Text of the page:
Anyway. What was Fr. Erickson's problem? I'm just guessing here, but there has to be a sense of loneliess and isolation in the mix. In a sense his 'sacredotal style' was strange to his peers. I felt he was effeminate, other's disagree. (In the United States it's just wierd to go around town in a cassock and cape - well, not always - but in his case it was odd.) Nevertheless he had mannerisms and vocal inflections that others would consider mid-west country dialect, but I heard it as effeminate. He was 'mad' at all the apostates and liturgical abusers. He therefore was very 'kosher' as regards ritual. His spirituality seemed to be somewhat "mystic" based, with Catherine Emmerich thrown in. There was something, somehow, superficial about him, although I can never question his sincerity. The evidence regarding his life, sadly, shows up many flaws, many struggles. Was there no one he could have talked to? To whom he could have bared his soul? His sins were not unforgiveable, and if he had someone to talk to, he would have been able, perhaps, to work through everything. Although facing a potential prison sentence as a sex offender is a rather hopeless prospect.

Human respect. Personal honor. Idiosyncratic ideas of holiness and priesthood. Isolation and loneliness. Superficial piety. So many things must have contributed to his suicide. What a tortured soul! In his last will and testament he asked for prayers and Masses to be said for his soul. I see in the bulletin at St. Agnes that his wishes are being kept, many Masses are being offered for him.

He was a 'good boy' - that's what he wanted people to think of him - but that is just my opinion. He must have been a good priest as well, as those whom he ministered to can tell you. I didn't really like him however, he reminded me of a fellow I was in the monastery with - who had a 'shadow life' as well, so I was prejudiced, sue me! This guy took his habit with him when he left, it was all about externals for him - he subsequently left the Church. (Alas! I digress!)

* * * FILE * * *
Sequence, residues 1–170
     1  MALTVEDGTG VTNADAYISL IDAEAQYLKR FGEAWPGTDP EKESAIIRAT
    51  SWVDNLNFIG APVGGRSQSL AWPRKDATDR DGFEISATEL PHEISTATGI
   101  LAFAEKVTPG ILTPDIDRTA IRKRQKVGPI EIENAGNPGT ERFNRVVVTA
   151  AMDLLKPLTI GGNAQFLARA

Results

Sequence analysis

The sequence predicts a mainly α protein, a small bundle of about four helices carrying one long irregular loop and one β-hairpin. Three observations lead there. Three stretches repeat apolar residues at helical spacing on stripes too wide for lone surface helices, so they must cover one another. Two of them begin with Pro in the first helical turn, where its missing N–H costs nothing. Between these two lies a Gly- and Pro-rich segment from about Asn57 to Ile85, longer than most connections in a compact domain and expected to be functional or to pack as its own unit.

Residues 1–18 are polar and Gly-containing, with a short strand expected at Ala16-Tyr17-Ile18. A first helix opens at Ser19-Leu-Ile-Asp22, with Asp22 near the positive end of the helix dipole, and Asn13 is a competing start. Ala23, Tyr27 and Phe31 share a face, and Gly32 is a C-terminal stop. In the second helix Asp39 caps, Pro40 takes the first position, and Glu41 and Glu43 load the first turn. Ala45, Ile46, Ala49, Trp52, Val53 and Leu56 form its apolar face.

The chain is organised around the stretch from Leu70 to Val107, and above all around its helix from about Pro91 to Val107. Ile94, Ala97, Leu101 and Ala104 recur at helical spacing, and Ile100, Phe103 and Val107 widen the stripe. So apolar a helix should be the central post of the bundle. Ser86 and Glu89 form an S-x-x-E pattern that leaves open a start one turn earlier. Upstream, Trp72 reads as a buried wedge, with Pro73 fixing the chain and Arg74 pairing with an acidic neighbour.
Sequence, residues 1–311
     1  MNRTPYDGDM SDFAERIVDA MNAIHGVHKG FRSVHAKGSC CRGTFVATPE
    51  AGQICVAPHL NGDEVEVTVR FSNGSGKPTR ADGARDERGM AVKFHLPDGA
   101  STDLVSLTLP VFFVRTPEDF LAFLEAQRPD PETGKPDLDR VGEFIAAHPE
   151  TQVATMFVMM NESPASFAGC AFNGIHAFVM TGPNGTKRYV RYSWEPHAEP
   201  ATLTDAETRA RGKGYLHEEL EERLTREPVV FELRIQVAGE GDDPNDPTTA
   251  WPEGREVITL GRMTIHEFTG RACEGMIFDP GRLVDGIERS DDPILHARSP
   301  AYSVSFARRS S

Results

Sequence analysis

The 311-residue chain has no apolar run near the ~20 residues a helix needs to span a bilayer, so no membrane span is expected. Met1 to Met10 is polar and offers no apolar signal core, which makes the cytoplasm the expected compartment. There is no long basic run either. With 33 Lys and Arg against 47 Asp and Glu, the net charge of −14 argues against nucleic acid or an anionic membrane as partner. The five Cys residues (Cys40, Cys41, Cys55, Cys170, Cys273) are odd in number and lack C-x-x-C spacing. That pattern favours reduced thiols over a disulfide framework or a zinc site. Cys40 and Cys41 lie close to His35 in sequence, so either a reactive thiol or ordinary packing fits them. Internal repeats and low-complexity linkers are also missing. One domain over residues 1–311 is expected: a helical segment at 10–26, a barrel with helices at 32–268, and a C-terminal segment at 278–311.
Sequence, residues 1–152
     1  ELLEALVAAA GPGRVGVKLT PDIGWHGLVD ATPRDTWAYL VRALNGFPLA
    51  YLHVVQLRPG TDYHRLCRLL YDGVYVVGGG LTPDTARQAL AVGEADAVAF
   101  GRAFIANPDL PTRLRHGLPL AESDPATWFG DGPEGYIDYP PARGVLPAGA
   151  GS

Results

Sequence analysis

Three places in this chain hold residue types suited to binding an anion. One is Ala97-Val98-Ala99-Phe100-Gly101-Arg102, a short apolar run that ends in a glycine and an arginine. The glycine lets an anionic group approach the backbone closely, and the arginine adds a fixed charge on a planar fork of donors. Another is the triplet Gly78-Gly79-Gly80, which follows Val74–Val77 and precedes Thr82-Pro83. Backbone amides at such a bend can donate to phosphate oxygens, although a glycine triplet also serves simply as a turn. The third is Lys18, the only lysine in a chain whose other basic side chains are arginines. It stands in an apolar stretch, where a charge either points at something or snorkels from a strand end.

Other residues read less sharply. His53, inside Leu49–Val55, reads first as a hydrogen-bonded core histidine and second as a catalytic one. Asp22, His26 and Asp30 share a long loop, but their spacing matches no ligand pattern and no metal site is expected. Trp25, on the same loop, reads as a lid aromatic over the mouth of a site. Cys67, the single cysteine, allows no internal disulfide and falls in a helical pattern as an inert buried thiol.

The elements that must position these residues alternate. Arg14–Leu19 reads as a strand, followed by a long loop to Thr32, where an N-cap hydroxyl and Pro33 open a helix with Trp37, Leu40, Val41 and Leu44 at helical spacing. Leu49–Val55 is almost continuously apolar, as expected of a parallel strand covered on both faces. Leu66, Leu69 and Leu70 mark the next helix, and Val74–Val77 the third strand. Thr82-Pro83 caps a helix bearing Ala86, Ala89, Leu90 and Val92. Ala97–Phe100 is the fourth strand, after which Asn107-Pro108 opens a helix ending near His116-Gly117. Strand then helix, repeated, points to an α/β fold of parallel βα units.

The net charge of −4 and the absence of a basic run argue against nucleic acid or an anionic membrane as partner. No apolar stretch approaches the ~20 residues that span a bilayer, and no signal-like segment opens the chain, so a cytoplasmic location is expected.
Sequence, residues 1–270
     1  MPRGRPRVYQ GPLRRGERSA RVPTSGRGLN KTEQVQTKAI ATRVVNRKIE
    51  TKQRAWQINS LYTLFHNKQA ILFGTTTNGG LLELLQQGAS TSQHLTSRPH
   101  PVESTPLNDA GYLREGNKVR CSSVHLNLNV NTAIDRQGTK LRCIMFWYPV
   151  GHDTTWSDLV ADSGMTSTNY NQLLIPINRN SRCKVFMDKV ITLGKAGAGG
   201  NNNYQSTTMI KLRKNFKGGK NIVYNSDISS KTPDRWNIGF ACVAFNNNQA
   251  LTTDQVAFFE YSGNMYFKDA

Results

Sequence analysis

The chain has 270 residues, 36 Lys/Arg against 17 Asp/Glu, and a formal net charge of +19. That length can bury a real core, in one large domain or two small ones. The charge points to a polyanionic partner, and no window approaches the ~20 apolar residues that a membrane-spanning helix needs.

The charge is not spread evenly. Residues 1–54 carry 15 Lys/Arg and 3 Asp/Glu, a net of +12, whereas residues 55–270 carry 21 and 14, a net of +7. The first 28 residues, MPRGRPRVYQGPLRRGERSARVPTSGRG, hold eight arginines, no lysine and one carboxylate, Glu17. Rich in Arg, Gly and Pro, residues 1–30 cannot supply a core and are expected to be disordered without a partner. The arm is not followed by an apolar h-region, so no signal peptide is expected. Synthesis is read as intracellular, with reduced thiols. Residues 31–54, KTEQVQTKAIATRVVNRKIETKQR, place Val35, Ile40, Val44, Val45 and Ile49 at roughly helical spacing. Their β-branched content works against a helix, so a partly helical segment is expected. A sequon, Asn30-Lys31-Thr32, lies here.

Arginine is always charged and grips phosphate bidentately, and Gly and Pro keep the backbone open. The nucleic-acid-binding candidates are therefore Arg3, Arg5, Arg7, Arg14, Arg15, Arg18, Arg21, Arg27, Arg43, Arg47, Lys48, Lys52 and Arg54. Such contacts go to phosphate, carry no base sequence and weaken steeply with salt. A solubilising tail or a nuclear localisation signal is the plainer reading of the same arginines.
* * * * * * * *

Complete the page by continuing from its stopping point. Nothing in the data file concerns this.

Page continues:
Regardless, let's pray for Fr. Erickson for the rest of our lives - God's mercy is so inscrutable.

Tuesday, July 04, 2006

Rage and murder, it's just a kiss away...

The Immaculate Conception, patroness of the United States.

"I heard the news again today..."(Beatles, "A Day in the life of") - The 36th murder in Minneapolis this year. Murderapolis all over again?

I guess it's happening all over the country, crime, rape and murder on the increase. 'They' say it's because so much money and manpower is being diverted by Homeland Security. Really? Remember the Stones' song, "Gimme Shelter"? I loved that song, Merry Clayton did the background vocals and cut her version of it on an album of her own. "Rage and murder, it's just a kiss away, just a kiss away!" That song and "Sympathy for the Devil" were two of their best songs ever. Although at the time - seriously - I tuned out the lyrics of "Sympathy -" but after their disasterous concert at Altamont I listened attentively and it kind of freaked me out.